Doubts have been raised over the anticipated council house-building revolution promised by ministers after figures suggested the Government’s predictions may be over-ambitious.
The figures come as it emerged that the Government had earmarked at least 80% of the cash from five key housing programmes for projects in areas facing the highest affordability pressure, leaving just 20% for the rest of the country to bid for.
A Ministry of Housing, Communities and Local Government policy paper quietly published last week suggested that billions of pounds will not be available for many areas beyond London and the south-east.
The policy paper read: ‘We recognise that the pressures faced in buying a home do not affect the whole of the country in equal measure.
'It is right that Government funding is directed to address affordability where it poses the greatest problem for the country so homes can be built where they are most needed.’
A housing source said: ‘I suspect local authorities may kick off once it trickles down.’
Executive director of East Midlands Councils, Stewart Young, said: ‘Many will just sigh with a bit of frustration at a lost opportunity.
'It’s probably another decision to confirm that the East Midlands is the lowest funded region.
'If the decision has been made to dampen the heat in the London property market it’s not going to touch the sides.’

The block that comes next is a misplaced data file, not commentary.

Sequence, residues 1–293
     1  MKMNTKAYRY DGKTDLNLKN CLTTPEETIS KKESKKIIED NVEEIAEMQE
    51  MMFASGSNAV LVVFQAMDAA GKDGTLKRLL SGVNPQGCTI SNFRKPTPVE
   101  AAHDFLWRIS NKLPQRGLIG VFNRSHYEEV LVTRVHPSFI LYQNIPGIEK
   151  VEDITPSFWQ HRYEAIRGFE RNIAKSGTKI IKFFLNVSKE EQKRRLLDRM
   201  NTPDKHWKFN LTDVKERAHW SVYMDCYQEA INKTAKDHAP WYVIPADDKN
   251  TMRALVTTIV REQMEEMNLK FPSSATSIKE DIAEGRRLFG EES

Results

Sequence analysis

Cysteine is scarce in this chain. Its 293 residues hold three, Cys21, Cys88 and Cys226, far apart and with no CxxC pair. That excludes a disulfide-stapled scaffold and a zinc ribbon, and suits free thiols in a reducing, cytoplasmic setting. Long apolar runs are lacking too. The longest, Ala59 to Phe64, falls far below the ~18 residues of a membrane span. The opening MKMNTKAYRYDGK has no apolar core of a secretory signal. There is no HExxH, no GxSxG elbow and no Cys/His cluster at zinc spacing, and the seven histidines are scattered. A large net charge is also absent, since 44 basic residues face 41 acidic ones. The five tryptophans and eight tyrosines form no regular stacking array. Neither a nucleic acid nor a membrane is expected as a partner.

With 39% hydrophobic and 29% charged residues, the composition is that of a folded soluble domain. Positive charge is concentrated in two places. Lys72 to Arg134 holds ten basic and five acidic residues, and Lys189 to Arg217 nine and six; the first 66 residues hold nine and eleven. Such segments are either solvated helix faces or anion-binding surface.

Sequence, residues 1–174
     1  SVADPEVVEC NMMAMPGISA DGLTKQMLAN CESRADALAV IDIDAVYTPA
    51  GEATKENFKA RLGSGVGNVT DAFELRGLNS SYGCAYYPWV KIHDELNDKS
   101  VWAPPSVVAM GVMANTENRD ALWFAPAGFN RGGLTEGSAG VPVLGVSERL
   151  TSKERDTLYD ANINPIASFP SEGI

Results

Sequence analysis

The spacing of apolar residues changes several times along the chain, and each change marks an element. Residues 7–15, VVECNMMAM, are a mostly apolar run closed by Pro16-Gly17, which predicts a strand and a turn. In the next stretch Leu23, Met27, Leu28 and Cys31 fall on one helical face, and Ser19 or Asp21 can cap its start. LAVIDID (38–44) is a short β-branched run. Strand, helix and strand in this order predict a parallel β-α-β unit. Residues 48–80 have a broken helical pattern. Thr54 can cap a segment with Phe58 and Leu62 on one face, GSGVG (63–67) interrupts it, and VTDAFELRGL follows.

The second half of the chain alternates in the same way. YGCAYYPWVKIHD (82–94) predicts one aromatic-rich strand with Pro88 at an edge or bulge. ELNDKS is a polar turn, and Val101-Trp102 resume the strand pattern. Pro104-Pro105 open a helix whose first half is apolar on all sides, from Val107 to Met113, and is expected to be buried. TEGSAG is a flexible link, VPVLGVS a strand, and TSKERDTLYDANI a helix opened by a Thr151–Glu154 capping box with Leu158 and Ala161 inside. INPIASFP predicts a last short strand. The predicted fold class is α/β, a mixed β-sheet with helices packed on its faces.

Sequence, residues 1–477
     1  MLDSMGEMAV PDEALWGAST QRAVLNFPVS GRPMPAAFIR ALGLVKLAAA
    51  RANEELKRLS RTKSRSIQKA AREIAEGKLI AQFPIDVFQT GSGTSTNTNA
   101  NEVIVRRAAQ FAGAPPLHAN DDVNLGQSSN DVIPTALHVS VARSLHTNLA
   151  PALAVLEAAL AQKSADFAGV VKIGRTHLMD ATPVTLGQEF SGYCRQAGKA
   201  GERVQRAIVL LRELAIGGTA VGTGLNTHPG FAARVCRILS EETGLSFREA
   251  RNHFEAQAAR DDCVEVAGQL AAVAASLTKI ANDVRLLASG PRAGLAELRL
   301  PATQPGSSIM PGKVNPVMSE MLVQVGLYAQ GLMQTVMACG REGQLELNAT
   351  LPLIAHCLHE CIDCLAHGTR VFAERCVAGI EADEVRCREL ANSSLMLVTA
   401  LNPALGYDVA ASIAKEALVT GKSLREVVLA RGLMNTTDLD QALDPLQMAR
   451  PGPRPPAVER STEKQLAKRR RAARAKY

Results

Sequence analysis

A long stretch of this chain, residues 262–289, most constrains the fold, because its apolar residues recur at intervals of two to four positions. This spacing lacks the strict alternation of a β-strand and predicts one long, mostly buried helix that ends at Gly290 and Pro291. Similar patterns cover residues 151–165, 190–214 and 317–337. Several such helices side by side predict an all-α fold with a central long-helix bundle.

Leeds City Council leader, Cllr Judith Blake, added: ‘We need a sustainable approach to the overall needs of our towns and cities that doesn’t just use blunt measures of land value or the affordability of mortgages as the only indicators of housing need and growth potential.
‘The current proposal is likely to further consolidate the economic gap between London and the south-east and the rest of the country.’
Housing secretary James Brokenshire believes councils will be able to build up to 10,000 homes a year after prime minister Theresa May scrapped the Housing Revenue Account (HRA) borrowing cap.
However, a poll of 50 councils by public sector procurement firm Scape Group found they only expected to complete up to 1,000 new homes within a decade due to capacity and skills shortages.
Last week, the Office for Budget Responsibility predicted just 9,000 more homes will be built over the next six years following the removal of the borrowing cap.
Appearing before the Housing, Communities and Local Government Committee, housing minister Kit Malthouse conceded he was not expecting a flood of homes in the short-term.